Week 1: Allow Yourself to Write Badly
Week 2: Twisted Tales and Tilted Heads
Week 3: The Reader Becomes the Writer
Week 5: What Does Your Character Want?
Twisted tales and tilted heads
This blog by Phil Olsen was originally written for Bluecoat, Feb 8, 2016.
Phil Olsen is studying for a Masters in Creative Writing at The University of Manchester’s Centre for New Writing. Phil will be guest blogging for Bluecoat throughout our Comma Press Short Story course.
Comma Press short story course – Workshop 2: ‘The Epical Story’, 3 February 2016
After last month’s introduction to the short story, this second workshop delved more specifically into one of the three main short story types – Epical Stories. These are traditionally tales with a twist, where key information is saved for a reveal towards the end.
Sarah Schofield, our teacher for the six months, began the session standing beside a projection of a pencil crayon frog. The group was invited to “Say what you see”, as Roy Walker would put it, and much 3D-magic-eye squinting around the table ensued. It turned out we’d been cunningly misdirected… We’d naively been taking the image at face value and staring at the frog straight on. Then, as though it had been choreographed, our heads all fell to our right shoulders and we suddenly saw that the frog was also a horse – well, the head of a horse – when viewed side-on. Like Jack Woltz waking up in The Godfather, the horse’s head came as something of a surprise. And once seen it could not be unseen.
A couple of examples of traditional epical stories are Arthur Conan Doyle’s The ‘Adventure of the Speckled Band’ and Hilary Mantel’s ‘Winter Break’. Each had their fans within the group but the latter came out as more popular when we untilted our heads and gave a show of hands. For me, Sherlock was just a tad too smug with his explanations. The beauty of the revelation is that it makes you go back and reassess everything that led up to that moment. The clues were all there, in amongst the beautifully described distractions. Newly illuminated, everything has now changed for the reader.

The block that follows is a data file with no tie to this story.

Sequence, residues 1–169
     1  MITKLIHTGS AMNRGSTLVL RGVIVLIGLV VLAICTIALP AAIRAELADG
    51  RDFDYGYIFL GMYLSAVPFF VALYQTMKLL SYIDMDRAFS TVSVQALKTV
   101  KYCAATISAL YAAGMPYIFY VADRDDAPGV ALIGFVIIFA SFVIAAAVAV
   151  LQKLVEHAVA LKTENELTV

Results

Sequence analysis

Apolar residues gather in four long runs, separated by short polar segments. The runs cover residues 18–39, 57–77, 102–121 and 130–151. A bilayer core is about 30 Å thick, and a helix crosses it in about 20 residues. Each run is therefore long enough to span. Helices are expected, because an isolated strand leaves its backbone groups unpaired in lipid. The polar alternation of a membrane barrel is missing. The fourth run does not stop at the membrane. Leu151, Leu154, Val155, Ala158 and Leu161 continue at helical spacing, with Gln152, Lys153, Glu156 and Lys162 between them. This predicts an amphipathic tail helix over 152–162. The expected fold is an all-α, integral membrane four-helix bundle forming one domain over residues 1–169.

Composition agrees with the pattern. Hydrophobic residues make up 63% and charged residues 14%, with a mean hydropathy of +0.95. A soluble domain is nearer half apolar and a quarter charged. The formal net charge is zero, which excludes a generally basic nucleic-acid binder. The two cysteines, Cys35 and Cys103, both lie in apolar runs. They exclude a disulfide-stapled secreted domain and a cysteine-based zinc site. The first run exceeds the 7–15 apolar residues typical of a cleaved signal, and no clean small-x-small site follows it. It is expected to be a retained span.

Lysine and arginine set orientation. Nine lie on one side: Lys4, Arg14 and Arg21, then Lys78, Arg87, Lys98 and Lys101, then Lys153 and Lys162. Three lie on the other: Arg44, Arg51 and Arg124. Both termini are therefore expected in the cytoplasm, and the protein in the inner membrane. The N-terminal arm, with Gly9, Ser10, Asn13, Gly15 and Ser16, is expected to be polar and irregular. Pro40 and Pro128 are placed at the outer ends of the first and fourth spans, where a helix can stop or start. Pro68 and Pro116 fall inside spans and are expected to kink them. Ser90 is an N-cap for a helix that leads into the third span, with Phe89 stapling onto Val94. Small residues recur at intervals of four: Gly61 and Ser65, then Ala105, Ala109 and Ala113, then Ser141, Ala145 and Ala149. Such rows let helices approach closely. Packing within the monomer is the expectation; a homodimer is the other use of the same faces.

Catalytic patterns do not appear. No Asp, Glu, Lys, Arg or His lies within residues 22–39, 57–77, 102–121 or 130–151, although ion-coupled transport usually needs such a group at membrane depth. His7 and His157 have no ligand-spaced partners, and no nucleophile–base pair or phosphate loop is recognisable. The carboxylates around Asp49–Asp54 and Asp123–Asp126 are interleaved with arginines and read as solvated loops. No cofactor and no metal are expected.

We also looked at modern epical short stories where instead of a plot twist at the end we get an epiphany – the penny drops for our protagonist and an internal transformation takes place. The examples we looked at here were Alice Walker’s very short story ‘The Flowers’ and Frank Cottrell Boyce’s ‘Permanent Granite Sunrise’ which is set around the construction of Liverpool’s Metropolitan Cathedral. With both of these, by the time they reach their conclusion (whether downbeat and disillusioned or uplifting and enlightened), everything has changed for the character.
This second workshop was also an opportunity to give each other feedback on our own first draft efforts that we’d been working on in January. For the critiques we split into smaller groups and while our own piece was being commented on we were not permitted to speak. No defending or explaining and absolutely no apologising – we just had to listen and take notes. If something didn’t quite work on the page for our peers then chances are it would need addressing in draft two. I’ll certainly be making sure the dog in my story doesn’t change sex mid-walkies when I revisit it.
Next month we’re going to be looking at lyrical short stories – those with less definitive endings.
Some of the short stories mentioned in this blog are available to read online for free.
- Arthur Conan Doyle’s ‘The Speckled Band’:
- Hilary Mantel’s ‘Winter Break’:
- Alice Walker’s ‘The Flowers’: